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Every year, nearly 50,000 women almost die giving birth. Around 700 women don’t survive.
Ceceria Harris is one of the lucky ones. The 32-year-old mother of three gave birth earlier this year and during her cesarean section, she started to hemorrhage.
“I thought that was it,” she said. “I thought, ‘I’m going to die.’” Both Harris and her baby survived, but she came close to death in the process, losing four liters of blood.
On the day of her baby’s birth, the anesthesiologist told her they did not have to put her under general anesthesia for her cesarean section, so she could be awake to witness the birth. Harris elected to do a C-section because of a condition she had developed after her previous two cesarean sections that put her at higher risk.
During the surgery, things started to take a turn for the worse. The doctors told her they needed to remove her entire uterus as a result of her condition, and then she started to quickly lose blood.
“I thought maybe God had set it up like this so I would be able to see her [the baby]…maybe this is why they kept me awake, for this moment right here, so I could see her,” Harris said.
While Harris no longer can have children, she is grateful for each day.
“I am thankful I am here with the kids that are here with me, so it’s rough,” she said. “But I’m getting through it.”
Every 10 minutes in the United States, a woman comes close to death during childbirth.
“It’s not just moms who are passing away, but moms like me who are coming close to it and being right there on the cusp and missing it barely,” Harris said.
She knows her third pregnancy was higher risk and said her doctors did what they had to do to save both her and the baby. But Harris believes her first C-section years ago could have been avoided – and it was the scar tissue from that surgery that caused her condition, known as placenta accreta.
“I think it could’ve been avoided if I didn't have that first cesarean,” Harris explained. She had a longer labor and her baby was not in distress but felt pressured by medical staff to go under the knife. “I don’t think I would be going through this.”
Some medical experts who did not work on Harris’ case said it is unlikely a doctor would recommend a C-section without justifiable cause because after a long labor, it can be higher risk. But Harris said she believes part of the pressure came from doctors being impatient and part of it was the color of her skin.
“I think that’s the problem, like we’re seen as less than,” she said.
In the United States, black women are three to four times more likely to die from pregnancy related causes as white women, according to the Centers for Disease Control.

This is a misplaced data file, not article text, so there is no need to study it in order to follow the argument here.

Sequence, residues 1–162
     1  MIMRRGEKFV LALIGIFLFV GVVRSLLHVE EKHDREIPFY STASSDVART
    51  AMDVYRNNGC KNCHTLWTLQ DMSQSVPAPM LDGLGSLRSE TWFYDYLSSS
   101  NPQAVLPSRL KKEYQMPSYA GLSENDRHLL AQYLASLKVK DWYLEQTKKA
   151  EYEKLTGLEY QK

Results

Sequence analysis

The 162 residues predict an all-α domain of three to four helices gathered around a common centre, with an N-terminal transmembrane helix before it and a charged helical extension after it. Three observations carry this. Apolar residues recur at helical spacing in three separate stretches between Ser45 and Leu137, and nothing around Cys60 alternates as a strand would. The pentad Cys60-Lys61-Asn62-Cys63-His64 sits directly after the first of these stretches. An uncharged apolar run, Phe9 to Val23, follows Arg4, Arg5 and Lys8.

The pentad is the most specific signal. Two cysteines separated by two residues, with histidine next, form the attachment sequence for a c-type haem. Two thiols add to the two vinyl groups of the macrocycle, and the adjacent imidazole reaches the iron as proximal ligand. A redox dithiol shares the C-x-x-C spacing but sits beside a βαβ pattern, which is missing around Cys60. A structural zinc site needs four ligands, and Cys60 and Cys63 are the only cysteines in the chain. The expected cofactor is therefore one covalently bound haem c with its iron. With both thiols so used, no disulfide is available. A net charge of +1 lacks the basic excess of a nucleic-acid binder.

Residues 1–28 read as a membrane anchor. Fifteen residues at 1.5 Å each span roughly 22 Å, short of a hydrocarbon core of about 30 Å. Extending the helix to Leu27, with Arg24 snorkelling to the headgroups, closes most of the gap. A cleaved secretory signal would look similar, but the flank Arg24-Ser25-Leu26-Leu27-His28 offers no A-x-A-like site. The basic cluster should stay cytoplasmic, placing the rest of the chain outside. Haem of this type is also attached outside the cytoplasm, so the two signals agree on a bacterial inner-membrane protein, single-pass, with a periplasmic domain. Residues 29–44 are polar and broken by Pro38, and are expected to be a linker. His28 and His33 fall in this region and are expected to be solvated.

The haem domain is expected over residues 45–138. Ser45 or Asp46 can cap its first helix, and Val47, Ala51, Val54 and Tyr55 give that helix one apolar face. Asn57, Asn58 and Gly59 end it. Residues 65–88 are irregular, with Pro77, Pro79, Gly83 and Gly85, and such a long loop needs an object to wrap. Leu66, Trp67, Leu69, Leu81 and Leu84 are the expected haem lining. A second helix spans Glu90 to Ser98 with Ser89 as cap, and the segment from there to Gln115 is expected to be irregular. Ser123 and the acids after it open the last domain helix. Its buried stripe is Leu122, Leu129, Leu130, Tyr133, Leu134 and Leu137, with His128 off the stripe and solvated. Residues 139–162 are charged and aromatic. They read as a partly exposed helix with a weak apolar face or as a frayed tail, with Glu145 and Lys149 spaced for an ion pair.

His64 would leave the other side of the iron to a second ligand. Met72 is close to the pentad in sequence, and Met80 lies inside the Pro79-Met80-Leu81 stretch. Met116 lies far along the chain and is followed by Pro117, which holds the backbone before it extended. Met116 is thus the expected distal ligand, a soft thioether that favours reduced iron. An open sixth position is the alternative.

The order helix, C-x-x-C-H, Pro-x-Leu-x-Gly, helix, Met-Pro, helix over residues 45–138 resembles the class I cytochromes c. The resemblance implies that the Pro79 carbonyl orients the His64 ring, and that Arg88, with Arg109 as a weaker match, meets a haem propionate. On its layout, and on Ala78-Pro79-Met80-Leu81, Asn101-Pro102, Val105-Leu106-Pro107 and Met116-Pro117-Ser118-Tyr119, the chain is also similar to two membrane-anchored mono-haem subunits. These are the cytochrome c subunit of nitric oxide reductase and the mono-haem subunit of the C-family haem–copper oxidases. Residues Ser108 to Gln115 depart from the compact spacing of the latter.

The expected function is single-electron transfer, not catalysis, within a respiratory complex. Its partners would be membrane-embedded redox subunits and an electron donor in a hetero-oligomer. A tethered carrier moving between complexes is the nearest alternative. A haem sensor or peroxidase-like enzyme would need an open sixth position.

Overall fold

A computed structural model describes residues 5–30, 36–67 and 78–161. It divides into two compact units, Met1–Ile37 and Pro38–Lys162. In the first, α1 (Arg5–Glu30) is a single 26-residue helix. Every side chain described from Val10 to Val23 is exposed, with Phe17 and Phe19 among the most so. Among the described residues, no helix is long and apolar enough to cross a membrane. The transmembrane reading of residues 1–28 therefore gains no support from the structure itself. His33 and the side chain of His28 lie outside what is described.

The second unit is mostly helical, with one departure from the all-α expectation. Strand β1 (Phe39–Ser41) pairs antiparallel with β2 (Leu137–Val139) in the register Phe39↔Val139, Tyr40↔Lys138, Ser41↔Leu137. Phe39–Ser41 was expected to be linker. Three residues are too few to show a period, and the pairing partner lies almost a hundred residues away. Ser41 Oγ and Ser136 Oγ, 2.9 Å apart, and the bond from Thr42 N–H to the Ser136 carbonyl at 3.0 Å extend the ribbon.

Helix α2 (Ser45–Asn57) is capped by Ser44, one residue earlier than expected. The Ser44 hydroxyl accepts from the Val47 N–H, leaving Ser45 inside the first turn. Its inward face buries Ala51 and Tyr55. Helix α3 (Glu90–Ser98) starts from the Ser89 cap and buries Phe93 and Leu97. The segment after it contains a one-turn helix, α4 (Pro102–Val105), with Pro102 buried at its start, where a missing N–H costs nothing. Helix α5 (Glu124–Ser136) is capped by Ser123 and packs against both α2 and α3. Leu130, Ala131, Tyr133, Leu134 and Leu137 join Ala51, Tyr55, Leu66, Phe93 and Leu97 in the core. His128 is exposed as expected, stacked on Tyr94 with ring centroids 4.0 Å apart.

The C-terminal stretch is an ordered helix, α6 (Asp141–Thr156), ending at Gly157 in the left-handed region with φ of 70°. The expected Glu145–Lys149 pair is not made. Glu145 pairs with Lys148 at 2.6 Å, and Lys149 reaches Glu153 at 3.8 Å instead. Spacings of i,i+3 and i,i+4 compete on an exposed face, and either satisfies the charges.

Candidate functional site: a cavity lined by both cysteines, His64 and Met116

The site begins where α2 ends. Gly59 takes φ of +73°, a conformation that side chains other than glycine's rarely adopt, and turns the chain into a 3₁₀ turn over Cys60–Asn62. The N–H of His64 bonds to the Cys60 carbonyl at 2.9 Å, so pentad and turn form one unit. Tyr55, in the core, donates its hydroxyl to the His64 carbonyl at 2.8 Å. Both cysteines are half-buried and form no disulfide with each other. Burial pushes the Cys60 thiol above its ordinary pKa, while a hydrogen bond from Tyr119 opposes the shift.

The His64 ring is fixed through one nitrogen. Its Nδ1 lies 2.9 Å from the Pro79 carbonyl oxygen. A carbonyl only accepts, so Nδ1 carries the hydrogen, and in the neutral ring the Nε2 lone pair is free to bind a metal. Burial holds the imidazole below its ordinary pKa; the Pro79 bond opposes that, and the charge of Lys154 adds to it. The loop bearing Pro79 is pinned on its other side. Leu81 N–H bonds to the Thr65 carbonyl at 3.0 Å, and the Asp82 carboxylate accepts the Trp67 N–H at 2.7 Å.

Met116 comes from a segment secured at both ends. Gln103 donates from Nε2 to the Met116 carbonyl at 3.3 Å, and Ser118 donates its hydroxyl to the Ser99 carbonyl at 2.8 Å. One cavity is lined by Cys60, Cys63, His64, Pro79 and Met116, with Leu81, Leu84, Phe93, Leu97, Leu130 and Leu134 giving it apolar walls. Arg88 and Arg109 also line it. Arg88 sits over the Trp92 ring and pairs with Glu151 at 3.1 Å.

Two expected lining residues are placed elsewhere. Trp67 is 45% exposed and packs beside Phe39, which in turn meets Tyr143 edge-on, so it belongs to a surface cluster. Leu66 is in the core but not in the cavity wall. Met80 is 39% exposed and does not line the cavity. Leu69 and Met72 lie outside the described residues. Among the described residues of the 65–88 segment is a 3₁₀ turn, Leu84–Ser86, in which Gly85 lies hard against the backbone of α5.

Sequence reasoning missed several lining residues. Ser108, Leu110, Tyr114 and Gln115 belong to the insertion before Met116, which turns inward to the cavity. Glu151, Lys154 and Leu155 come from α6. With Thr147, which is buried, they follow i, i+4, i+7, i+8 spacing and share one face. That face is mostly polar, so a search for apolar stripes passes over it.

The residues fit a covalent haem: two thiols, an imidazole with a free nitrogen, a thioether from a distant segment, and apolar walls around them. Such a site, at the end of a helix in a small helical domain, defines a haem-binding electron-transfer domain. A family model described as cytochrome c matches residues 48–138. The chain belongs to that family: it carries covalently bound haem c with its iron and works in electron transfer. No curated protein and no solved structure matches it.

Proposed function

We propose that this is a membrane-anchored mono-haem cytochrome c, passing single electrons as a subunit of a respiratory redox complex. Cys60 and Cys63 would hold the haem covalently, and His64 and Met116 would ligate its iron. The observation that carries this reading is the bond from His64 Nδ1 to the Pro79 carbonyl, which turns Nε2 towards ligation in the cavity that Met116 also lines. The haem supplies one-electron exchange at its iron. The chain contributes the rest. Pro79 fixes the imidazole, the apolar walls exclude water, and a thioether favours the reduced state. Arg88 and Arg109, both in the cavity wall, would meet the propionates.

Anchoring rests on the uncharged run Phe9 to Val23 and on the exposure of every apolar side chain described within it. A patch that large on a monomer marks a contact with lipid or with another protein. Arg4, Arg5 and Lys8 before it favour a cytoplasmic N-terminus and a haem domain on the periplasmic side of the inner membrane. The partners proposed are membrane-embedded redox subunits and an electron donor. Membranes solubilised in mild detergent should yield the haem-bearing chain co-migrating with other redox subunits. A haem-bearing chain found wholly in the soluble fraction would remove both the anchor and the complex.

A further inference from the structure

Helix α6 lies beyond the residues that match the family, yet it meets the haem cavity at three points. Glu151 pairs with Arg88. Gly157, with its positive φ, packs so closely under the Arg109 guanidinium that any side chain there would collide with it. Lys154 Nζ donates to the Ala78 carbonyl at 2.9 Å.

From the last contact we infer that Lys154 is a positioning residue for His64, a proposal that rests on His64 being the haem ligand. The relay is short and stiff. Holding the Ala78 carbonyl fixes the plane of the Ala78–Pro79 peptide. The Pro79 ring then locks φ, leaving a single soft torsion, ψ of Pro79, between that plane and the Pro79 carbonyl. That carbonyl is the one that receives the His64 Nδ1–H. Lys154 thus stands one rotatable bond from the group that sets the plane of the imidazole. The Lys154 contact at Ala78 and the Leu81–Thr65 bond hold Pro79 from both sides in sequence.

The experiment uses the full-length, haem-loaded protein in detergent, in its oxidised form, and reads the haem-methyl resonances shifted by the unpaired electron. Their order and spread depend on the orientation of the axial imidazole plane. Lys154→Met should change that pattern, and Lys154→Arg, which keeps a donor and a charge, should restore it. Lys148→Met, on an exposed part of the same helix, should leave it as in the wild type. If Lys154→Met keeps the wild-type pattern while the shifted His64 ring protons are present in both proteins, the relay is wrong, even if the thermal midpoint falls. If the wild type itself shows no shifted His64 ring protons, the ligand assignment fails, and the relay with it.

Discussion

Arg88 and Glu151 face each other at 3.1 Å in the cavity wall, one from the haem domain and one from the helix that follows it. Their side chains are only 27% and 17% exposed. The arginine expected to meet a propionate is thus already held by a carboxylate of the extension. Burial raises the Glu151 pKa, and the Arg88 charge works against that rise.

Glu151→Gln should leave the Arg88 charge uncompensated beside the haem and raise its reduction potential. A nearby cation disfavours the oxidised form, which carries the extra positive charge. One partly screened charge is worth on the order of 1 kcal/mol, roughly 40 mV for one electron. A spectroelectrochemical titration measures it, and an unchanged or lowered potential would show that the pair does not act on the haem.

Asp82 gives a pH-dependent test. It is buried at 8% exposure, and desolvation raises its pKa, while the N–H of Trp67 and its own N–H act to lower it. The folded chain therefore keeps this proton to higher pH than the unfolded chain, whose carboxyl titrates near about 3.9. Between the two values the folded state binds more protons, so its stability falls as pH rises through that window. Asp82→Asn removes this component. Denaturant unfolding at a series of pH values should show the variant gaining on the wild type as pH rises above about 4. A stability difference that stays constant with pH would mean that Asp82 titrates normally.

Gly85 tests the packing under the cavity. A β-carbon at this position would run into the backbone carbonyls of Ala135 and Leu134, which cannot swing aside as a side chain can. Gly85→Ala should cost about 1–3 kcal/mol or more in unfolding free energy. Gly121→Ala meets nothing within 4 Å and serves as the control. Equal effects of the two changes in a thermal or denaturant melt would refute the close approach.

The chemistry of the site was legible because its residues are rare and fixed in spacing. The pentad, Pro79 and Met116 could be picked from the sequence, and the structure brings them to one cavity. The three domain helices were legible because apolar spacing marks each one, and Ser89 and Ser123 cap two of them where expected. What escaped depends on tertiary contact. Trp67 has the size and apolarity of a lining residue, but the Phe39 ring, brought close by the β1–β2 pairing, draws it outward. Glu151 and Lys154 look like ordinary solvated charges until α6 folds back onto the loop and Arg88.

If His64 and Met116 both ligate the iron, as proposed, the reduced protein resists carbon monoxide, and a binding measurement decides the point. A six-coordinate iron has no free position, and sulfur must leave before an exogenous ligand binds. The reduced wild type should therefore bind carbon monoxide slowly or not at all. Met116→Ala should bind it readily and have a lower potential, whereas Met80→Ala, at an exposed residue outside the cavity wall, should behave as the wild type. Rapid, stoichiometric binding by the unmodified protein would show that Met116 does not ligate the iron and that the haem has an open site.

Black women are also more likely to have a near death experience during childbirth.
The CDC cites increases in maternal age, pre-pregnancy obesity, preexisting chronic medical conditions, and cesarean delivery as all possible contributing factors to increases near-death childbirth experiences for women of all races. According to the CDC, the overall rate of near misses in the U.S. for women during childbirth has gone up almost 200 percent between 1993 and 2014.
“If you are black and highly-educated, you still have a higher probability of pregnancy-related death than the least educated white woman," said Dr. William Callaghan, chief of the Maternal and Infant Health Branch at the Centers for Disease Control. "It is astonishing. The only difference is the color of one's skin."
While some advocates say it is racism causing black women to be at higher risk in the United States, some health professionals disagree.
“We have a huge African-American population of patients and I have no doubt in my mind that we give them the exact same care as anybody else,” Dr. Sujatha Reddy, an OB/GYN in the Atlanta area said. “When I brought up to my partners…it was almost like hurtful because we just don't feel that we practice medicine that way.”
Harris said several other experiences throughout her three childbirths left her with both physical and emotional scars.
“It’s rough for me physically, like I still have the scar. But mentally, it takes a toll. I think that’s the worst part of everything,” she said. “Especially reliving what happened and almost dying – that’s probably the worst.”
She hopes her daughters in the future will have better birthing experiences and will – one day – live in a less divided America.
“You just see us as a number, and whatever happens, happens to us,” she said. “And I think that needs to change.”